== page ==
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Short-Selling Bans Around the World: Evidence from the 2007–09 Crisis




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    • Beber is with Cass Business School and CEPR, and Pagano is with Università di Napoli Federico II, CSEF, EIEF, and CEPR. We thank Cam Harvey, an anonymous Associate Editor, an anonymous referee, Viral Acharya, Bruno Biais, Dimitris Christelis, Matthew Clifton, Anne de Graaf, Joost Driessen, Luca Enriques, Craig Holden, Harrison Hong, Tullio Jappelli, Charles Jones, Charlotte Ostergaard, Paolo Porchia, Ailsa Röell, Pedro Santa Clara, Enrique Schroth, Erik Theissen, Ingrid Werner, and seminar participants at the 2009 NYSE-Euronext-Tinbergen Institute Workshop on Liquidity and Volatility in Today's Markets, the 2010 EFA meeting, the 2010 FIRS meeting, the 2010 WFA meeting, the Autoritaet Financiële Markten, the IESE Madrid Finance Workshop, the SIFR conference Asset Allocation and Pricing in the Light of the Recent Financial Crisis, the 4th Unicredit Conference in Banking and Finance, Bocconi University, Cass Business School, the Duisenberg School of Finance, Imperial College, Rotterdam School of Management, Swiss Finance Institute at the University of Lugano, and the University of Naples Federico II. Richard Evers, Martijn Reekers, and Piyush Singh provided outstanding research assistance. Financial support from Inquire Europe and Q-Group is gratefully acknowledged.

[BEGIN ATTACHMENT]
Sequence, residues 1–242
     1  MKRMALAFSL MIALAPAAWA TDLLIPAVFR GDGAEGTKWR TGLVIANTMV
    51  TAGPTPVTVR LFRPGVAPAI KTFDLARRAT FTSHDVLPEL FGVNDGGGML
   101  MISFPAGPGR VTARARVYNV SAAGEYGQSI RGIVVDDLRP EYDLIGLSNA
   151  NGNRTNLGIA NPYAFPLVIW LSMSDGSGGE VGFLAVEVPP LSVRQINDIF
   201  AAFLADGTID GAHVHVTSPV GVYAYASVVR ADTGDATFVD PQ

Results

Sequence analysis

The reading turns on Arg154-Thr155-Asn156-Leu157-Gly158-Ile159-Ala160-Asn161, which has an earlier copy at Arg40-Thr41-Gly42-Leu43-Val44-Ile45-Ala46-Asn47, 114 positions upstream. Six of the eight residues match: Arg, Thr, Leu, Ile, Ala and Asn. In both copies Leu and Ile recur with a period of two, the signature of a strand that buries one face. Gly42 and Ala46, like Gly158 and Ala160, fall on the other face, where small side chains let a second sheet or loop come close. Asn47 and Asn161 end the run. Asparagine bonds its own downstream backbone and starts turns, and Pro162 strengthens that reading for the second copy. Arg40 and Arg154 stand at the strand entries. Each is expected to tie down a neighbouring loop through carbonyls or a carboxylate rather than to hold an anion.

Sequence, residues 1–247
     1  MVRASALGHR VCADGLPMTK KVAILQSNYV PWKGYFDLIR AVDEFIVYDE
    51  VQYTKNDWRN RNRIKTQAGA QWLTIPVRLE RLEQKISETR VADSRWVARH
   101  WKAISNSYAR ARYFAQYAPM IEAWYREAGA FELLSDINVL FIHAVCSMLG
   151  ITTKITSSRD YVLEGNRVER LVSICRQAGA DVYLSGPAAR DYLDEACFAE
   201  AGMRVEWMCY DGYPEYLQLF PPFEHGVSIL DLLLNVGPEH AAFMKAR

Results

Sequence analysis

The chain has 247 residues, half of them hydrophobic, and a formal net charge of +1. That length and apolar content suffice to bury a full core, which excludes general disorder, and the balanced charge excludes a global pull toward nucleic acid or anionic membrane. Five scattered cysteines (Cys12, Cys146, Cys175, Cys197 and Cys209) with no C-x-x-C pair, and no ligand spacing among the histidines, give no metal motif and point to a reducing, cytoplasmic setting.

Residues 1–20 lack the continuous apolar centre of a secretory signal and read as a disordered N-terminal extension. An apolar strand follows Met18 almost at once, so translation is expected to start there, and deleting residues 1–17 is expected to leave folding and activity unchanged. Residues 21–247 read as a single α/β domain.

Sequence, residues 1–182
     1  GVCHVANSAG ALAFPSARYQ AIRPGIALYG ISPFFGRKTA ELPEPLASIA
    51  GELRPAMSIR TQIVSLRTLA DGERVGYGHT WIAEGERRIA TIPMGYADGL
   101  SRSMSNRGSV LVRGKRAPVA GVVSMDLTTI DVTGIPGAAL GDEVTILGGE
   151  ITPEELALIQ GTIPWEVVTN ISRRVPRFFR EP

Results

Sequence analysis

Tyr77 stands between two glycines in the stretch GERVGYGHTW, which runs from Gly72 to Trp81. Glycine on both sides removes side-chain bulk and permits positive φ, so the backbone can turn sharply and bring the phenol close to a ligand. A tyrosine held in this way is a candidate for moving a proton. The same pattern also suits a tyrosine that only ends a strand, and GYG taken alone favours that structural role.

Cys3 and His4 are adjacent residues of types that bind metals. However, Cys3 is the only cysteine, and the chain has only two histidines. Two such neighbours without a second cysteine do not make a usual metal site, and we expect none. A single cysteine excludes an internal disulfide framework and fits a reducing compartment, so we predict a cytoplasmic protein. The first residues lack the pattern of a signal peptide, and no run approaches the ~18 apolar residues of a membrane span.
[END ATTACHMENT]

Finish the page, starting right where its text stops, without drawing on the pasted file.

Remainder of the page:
Most regulators around the world reacted to the 2007–09 crisis by imposing bans on short selling. These were imposed and lifted at different dates in different countries, often targeted different sets of stocks, and featured varying degrees of stringency. We exploit this variation in short-sales regimes to identify their effects on liquidity, price discovery, and stock prices. Using panel and matching techniques, we find that bans (i) were detrimental for liquidity, especially for stocks with small capitalization and no listed options; (ii) slowed price discovery, especially in bear markets, and (iii) failed to support prices, except possibly for U.S. financial stocks.